There have been many back channels emails asking me who the "major electronics retailer" featured in my Blog posting, Like It Or Not, Your Website Is Part Of Your Company (And A Big One), from yesterday was. I run a different kind of ship here at Six Pixels of Separation. I don't name names in hopes of getting some kind of equitable resolution for myself. Plus, let's face it: they know exactly who they are (note: I have Blogged about specific companies in the past, but I have been doing my best to shy away from this over time).
The whole premise of Blogging - from my perspective - is to foster social change among all entrepreneurs and businesses. My hopes are that by not naming names, all companies will read a Blog posting like yesterday's and say: "is he talking about us?" or, "I know he's not talking about us, but how do we handle situations like that?"
The other reason I shy away from names is that I don't like reading highly trafficked Blogs where the main Blogger is using their platform to get some kind of personal resolution clouded in a grander message that by solving their individual problem the company is now "listening to the conversation." I know many like the voyeuristic nature of this type of content, and I know others who simply enjoy the "sticking it to The Man" undertones, but I don't think each unique incident is a "win" for the Blogger or the company. To me, it feels more like an individual case of someone exacting some form of Social Media vigilante justice.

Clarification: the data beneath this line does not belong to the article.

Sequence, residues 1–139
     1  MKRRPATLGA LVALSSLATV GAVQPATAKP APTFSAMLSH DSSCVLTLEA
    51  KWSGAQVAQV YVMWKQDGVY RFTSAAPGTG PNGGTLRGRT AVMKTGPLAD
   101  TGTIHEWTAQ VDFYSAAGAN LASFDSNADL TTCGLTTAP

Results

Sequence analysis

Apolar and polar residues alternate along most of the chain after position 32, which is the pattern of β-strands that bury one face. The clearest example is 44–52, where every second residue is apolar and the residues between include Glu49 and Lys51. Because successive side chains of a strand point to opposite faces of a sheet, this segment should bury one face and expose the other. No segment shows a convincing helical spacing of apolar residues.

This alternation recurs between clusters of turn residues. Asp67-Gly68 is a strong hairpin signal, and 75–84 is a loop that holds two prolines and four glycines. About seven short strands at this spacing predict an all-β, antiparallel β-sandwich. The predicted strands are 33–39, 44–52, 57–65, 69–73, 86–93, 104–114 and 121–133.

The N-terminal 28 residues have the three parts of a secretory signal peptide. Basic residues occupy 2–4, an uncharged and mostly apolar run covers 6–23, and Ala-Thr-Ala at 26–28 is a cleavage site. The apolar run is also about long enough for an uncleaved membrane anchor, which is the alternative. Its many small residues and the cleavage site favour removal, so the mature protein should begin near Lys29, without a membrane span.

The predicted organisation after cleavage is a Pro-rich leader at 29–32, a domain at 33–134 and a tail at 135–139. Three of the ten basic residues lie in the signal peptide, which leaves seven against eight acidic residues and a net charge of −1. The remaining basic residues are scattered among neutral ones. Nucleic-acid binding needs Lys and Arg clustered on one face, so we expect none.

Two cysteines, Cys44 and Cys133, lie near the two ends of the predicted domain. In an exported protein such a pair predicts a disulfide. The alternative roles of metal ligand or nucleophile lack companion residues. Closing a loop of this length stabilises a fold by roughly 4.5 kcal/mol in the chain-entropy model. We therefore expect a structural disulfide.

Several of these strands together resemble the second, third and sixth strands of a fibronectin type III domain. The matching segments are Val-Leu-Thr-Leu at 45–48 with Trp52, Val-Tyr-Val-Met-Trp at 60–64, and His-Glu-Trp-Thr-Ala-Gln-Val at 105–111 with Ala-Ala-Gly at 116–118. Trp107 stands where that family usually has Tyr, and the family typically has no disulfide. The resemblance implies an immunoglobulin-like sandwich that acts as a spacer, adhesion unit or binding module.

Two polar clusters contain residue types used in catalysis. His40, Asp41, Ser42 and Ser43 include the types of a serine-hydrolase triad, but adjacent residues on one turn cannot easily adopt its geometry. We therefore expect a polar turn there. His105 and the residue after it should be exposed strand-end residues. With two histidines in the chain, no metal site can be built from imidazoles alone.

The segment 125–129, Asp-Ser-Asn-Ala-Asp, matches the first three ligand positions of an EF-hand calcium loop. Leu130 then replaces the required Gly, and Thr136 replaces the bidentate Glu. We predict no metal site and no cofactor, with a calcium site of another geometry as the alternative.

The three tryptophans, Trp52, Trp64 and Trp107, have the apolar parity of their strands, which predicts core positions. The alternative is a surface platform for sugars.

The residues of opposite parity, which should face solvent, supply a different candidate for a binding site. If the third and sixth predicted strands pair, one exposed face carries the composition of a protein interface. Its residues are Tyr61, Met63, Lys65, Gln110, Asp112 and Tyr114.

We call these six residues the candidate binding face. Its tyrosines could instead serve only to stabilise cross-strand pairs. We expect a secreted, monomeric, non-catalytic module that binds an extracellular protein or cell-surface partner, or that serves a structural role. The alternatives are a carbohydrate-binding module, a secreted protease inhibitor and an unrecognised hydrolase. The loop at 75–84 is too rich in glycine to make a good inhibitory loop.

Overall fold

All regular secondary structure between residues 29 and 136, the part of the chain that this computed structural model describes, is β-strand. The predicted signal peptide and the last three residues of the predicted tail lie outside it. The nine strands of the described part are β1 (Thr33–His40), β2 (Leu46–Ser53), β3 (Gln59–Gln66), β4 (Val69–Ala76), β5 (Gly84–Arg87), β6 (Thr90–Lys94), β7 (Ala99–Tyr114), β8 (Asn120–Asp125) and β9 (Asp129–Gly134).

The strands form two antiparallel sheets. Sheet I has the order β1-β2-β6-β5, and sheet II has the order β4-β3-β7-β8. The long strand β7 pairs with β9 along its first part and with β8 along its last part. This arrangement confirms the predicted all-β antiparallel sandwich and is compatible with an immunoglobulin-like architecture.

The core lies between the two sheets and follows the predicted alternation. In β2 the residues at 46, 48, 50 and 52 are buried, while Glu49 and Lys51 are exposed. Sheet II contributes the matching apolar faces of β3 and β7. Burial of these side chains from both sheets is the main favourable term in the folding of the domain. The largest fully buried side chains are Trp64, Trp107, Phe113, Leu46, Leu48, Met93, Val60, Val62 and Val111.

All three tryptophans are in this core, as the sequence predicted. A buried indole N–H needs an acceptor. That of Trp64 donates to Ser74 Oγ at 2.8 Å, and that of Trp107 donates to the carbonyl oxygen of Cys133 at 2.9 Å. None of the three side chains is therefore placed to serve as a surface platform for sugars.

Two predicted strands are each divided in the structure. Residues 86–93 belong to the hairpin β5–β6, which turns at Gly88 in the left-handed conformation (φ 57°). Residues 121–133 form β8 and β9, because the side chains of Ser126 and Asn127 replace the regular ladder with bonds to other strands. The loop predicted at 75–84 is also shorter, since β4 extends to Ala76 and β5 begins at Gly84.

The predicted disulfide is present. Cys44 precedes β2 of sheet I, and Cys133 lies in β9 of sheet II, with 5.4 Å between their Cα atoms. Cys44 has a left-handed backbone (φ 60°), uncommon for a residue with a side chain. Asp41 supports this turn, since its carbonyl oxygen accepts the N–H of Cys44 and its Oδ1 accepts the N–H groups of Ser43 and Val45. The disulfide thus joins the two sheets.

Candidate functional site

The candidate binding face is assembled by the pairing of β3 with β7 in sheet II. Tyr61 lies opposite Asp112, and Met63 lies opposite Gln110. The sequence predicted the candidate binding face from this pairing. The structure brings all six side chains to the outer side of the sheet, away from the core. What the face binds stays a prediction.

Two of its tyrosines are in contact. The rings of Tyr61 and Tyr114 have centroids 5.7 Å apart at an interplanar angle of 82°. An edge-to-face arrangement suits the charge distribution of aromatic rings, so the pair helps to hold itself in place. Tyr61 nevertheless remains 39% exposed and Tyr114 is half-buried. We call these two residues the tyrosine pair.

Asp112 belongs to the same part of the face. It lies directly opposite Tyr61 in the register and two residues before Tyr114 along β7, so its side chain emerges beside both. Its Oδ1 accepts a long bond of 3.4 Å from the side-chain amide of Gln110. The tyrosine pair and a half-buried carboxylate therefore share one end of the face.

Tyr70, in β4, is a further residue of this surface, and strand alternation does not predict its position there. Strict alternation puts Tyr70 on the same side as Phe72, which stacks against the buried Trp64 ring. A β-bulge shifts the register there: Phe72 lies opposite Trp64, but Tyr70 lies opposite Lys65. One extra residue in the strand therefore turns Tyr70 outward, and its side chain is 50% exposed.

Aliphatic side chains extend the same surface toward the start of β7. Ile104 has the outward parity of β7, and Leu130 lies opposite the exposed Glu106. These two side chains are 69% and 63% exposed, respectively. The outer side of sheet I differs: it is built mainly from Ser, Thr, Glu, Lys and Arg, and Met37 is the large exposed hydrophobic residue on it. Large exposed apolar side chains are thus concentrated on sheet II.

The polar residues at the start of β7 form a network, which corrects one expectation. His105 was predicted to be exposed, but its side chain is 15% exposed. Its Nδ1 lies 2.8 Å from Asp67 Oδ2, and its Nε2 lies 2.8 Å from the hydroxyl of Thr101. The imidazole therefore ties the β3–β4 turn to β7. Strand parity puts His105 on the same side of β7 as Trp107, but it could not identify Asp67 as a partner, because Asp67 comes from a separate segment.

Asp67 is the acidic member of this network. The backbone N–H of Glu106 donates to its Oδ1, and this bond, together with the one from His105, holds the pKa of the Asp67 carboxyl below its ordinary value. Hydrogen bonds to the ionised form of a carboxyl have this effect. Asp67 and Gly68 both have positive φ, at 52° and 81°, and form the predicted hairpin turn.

As Bloggers we don't want to hear that companies have policies. We want to hear that they treat each and every customer as an individual and fulfill that need in a special way. While the company may look great in the eyes of the Blogosphere for "listening to the conversation" and acting, it is a very hot potato (whether we like it or not). There is a significant cost and internal shift that has to take place within a company to even monitor the many online channels, figure out how to respond and deliver on that response. As more and more customers become instant publishers (Bloggers, Podcasters, using Twitter, or building up massive "friends" lists in the online social networks), companies will have to figure out which policies work, which ones get tossed and what their overall level of a satisfactory resolution really means (yes, more policies). Because this is not about Bloggers, this is about customers (and, the customer is always right... right?).
And that's the bigger point: just because an individual Blogs about a bad customer experience and only gets a fraction of what they requested to "make it better" does not mean that the company is not listening, is not reacting and is not doing everything it can to resolve the situation. All it really means is that the company didn't do everything that the specific Blogger requested (and, let's face it, some Bloggers aren't helping the scenario when the requests are a little insane). Sometimes the Blogger is right in their request and sometimes the company is right in their settlement offer... and sometimes those two solutions simply don't match up.
As individuals build their personal brands and grow audiences based on the digital footprint they are creating, it is important for companies to be paying attention to the conversation (we all know how much time I spend Blogging about that particular issue), but I also think it's important to realize that one social media vigilante who is exacting justice for themselves does not mean customer service justice for all.